Acupoint Injection Therapy. Acupoint injection therapy, or AIT, blends the use of the acupuncture points (acupoints) with therapeutic injections for an effective way to treat a wide variety of pain. AIT consists of injecting one or more substances into acupuncture points or tender spots to relieve pain and enhance healing. While a number of substances that may be used with AIT, at BodaHealth, we frequently use a combination of B vitamins and/or procaine. We use B vitamins because they’re an important component in cellular growth, the formation of blood and protein, and in tissue repair. If your pain is severe, procaine may also be added. Procaine is a local anesthetic, but it also acts as a vasodilator to increase circulation and reduce inflammation in the area that has been injected.
Osteopathy. Because both plantar fasciitis and Achilles tendon strains are frequently the result of musculoskeletal issues, such as tight calf muscles, a flat arch, or pronation, osteopathy can be an effective way to treat these conditions and prevent future occurrences. Our osteopathic practitioner is highly trained and experienced in the hands-on manipulation used to help correct poor biomechanics, improve circulation, and relieve pain.
Naturopathic Medicine. In some cases underlying health conditions contribute to connective tissue problems, which is where naturopathy can help. At BodaHealth, our naturopathic physicians will thoroughly assess your health to uncover any deficiencies, depletions, or imbalances that may be affecting your overall health, as well as the health of your connective tissue. Our naturopaths can then prescribe herbs, supplements, dietary modifications, and lifestyle strategies to balance your body as a whole, reduce inflammation, and help you heal. In addition, our naturopathic physicians can provide primary health care to our patients, as they are able to order lab tests, prescribe medications, and perform injections.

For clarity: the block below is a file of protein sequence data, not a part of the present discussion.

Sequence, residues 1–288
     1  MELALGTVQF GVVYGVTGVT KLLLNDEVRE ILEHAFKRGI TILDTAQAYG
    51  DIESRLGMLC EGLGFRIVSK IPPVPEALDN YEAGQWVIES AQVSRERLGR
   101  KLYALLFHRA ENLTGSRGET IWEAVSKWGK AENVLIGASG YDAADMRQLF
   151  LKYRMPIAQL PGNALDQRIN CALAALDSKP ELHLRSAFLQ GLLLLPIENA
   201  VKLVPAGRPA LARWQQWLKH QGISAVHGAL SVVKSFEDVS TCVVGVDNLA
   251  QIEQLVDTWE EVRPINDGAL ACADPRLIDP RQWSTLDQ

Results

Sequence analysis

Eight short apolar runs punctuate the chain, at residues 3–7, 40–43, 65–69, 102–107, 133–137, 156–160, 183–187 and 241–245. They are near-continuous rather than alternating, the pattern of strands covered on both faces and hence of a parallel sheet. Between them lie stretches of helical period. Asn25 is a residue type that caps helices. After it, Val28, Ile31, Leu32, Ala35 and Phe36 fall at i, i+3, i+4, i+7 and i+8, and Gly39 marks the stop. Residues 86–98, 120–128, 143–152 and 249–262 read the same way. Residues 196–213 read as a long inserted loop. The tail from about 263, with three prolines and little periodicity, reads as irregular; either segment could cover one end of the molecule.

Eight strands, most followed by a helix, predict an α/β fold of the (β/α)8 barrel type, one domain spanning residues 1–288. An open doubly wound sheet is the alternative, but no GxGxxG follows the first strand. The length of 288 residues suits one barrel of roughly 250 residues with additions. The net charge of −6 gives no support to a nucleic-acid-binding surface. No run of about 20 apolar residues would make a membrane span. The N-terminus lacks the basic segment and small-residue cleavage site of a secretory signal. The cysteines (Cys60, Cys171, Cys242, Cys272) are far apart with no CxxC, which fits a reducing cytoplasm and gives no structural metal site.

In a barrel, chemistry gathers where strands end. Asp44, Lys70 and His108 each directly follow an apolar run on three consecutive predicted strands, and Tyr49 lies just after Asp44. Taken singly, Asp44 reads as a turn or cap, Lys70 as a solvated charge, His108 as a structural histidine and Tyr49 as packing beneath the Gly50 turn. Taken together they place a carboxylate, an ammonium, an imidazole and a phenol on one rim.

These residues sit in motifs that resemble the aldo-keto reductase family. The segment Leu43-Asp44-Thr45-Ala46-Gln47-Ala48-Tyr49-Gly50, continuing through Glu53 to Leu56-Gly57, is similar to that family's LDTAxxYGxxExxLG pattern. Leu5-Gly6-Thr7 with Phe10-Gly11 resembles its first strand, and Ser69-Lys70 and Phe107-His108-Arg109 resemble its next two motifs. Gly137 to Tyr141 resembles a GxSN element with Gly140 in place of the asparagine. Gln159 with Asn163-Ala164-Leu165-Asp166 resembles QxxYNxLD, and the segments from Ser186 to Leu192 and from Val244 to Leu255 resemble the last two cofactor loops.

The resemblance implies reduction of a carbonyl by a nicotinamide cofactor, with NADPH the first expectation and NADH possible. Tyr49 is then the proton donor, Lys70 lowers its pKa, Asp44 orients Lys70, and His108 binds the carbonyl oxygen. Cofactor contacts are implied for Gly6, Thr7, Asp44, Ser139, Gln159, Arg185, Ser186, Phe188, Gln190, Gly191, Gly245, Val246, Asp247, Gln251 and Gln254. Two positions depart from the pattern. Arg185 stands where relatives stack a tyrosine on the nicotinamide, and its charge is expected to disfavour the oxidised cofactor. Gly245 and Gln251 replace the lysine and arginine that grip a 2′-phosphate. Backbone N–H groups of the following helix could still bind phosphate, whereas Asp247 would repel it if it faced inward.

Therapeutic Exercise, Clinical Pilates, and Kinesiology. These one-on-one treatments can be helpful in treating plantar fasciitis and Achilles tendon strains. Therapeutic exercise sessions include movements designed to correct musculoskeletal imbalances, restore function, improve strength, increase flexibility, and decrease pain. Clinical Pilates is also provided in individual sessions, in which our practitioner will work with you to condition your entire body to help elongate tight muscles, improve muscle elasticity, and promote joint mobility. The goal of these therapies is to help you return to full function, enjoy activities with greater ease, and reduce the chance of further injury.
Kinesiology and Exercise Physiology. Our kinesiology practitioner is a certified exercise physiologist, who is able to assess your injury and provide a plan for rehabilitation and prevention of further injury. Using balance, mobility, ergonomics, and stability as her tools, our kinesiologist can help you understand the mechanics of how you move, the nature of your connective tissue injury, suggest a plan for rehabilitation, and provide strategies for injury-free movement.
Massage Therapy and Fascial Stretch. The nature of both plantar fasciitis and Achilles tendon strains is tightness in your muscles and connective tissue. Massage is an excellent way to help relax and loosen tight muscles, and can focus on your calves, lower legs, and feet. Your fascia is a type of connective tissue that surrounds and connects your muscles, as well as all the other organs and tissue in your body. Fascial stretch works to improve flexibility and mobility by focusing on the fascial lines that surround your muscles. Both massage therapy and fascial stretch are gentle, and are meant to help relax both you and your muscles.
For patients who are struggling with plantar fasciitis or an Achilles tendon strain, it may feel like it’s taking forever to heal. At BodaHealth, we get that. Our goal with these kinds of injuries is to provide you with a number of therapeutic options to help reduce your pain, decrease inflammation, speed up your healing process, and prevent future injuries. If you’re struggling with plantar fasciitis or an Achilles tendon problem, we’re here to help. Call us today to find out how.